By Roy L Hales
Peter Sinclair’s video “Birthing a Solar Age” illustrates the disruptive power of solar technology. As Jerry Rifkin points out in one of the interviews, Germany obtained 75% of its electricity from renewable energy one day last month. Critics will, correctly, point out that this was only for one day and solar only produced 6% of the nation’s power during the first five months of 2014. They are missing the fact solar is a developing technology. Solar modules are continuing to become more efficient, lighter (which means they can be installed faster) and cheaper. Now that the “plus battery” option is becoming feasible, it is only a matter of time before this technology can be a “100%” solution. Solar’s market share will increase, dramatically.
As Rifkin points out, the day Germany obtained 75% of its energy from renwables the price of electricity fell below zero. Think about it. Utilities actually do have fixed costs. No business can afford to give away its’ product. That day was a body blow to Germany’s utilities and, as the solar industry continues to grow, there will be more of them.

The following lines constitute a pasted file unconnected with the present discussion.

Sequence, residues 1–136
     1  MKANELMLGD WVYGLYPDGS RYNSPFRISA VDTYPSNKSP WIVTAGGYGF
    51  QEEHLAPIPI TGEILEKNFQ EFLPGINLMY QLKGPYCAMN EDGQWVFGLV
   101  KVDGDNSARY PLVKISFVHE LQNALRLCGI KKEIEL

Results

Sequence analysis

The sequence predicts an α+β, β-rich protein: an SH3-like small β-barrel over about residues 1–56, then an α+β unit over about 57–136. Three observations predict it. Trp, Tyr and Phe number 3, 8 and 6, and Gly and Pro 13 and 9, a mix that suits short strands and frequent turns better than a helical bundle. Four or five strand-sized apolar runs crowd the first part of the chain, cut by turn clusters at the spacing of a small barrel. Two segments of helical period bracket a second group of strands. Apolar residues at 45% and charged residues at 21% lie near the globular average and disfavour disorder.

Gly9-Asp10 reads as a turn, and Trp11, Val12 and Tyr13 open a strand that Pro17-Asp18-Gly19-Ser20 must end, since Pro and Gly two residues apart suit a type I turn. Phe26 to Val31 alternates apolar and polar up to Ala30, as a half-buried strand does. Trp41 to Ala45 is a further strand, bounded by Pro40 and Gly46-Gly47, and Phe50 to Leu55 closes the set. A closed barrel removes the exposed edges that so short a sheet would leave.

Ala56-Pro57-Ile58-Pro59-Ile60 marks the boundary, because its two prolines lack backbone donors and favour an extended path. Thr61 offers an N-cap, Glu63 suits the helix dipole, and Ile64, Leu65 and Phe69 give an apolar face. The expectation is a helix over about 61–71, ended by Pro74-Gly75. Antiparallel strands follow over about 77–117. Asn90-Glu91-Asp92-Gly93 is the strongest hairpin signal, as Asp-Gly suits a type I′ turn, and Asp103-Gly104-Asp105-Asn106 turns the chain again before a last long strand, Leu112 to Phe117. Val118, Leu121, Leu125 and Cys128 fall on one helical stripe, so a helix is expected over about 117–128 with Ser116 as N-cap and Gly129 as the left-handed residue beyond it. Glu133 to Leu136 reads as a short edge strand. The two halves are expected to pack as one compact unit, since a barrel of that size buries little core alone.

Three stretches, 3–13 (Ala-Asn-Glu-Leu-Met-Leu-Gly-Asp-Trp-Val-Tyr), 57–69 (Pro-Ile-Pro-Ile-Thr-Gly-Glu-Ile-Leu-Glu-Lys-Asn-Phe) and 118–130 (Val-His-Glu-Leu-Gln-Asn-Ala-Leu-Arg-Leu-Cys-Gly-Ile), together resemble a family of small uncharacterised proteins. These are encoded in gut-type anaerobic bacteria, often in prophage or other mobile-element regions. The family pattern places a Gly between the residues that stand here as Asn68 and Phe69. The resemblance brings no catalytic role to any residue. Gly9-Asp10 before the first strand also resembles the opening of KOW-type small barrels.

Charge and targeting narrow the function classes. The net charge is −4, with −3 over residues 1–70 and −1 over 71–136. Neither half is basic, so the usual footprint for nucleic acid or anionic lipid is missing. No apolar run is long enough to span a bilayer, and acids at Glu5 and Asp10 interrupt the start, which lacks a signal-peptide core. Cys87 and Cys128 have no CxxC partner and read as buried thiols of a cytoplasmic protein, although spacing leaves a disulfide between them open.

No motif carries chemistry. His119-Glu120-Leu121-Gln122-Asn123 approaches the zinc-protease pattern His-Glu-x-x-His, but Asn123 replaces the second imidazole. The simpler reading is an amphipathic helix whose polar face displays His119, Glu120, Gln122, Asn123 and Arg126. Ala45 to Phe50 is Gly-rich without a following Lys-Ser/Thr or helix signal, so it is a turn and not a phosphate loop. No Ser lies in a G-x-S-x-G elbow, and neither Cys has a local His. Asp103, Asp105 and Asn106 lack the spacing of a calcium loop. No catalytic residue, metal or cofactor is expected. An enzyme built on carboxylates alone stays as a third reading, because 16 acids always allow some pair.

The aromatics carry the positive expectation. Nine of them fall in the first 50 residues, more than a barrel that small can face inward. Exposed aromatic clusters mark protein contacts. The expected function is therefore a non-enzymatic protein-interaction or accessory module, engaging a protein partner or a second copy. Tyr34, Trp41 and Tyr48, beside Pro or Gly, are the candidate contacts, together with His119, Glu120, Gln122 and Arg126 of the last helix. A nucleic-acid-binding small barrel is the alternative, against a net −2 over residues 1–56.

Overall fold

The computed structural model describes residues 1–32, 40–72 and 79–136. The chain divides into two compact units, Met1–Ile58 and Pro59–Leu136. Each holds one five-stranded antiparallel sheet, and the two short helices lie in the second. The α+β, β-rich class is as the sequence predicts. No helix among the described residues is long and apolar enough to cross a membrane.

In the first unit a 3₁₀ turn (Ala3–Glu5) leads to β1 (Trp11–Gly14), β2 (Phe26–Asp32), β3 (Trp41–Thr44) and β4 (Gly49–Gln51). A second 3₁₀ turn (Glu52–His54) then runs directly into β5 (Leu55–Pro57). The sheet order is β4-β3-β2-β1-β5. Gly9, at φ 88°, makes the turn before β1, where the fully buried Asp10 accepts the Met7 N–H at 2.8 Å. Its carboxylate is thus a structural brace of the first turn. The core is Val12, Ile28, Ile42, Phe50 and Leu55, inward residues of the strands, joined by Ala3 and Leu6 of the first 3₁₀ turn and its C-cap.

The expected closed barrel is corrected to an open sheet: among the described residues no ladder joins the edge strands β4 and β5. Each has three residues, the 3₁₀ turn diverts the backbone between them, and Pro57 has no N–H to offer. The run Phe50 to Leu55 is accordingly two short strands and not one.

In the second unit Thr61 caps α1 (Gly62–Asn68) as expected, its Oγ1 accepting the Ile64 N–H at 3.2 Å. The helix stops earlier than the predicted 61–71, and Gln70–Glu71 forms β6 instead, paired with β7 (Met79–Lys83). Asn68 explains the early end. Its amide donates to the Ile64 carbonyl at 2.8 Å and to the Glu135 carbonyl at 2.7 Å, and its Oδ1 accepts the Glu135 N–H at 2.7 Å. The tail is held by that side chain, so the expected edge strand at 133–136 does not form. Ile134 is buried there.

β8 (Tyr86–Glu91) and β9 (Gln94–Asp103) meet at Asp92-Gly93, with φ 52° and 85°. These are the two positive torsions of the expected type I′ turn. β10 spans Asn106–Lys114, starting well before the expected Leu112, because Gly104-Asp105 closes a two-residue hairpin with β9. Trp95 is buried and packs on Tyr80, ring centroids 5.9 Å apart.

At the end of the video Elon Musk predicts that at some point within the next twenty years solar will become America’s #1 energy source, it may even become the majority power source.
Rifkin predicts that in the future utilities will not want to sell electricity. They will lose money doing that. Their role will primarily be reduced to technical support.
Both are probably correct and this can actually be a little frightening. There are unknown factors in this vision of things to come. What will it mean for homeowners who, for whatever reason, can not use solar? What effect will this have on energy sources that cannot compete but are still needed to pick up part of the load?
This change also seems inevitable.
The bright parts of this picture are that, done right, solar is more environmentally friendly and rooftop solar can put energy production in the hands of home owners. The principal power plants of America’s future will be inexpensive utility scale solar facilities and people who put modules on their roof.
Watch the video from Peter Sinclair of the Yale Climate Forum.
(All images taken from the video)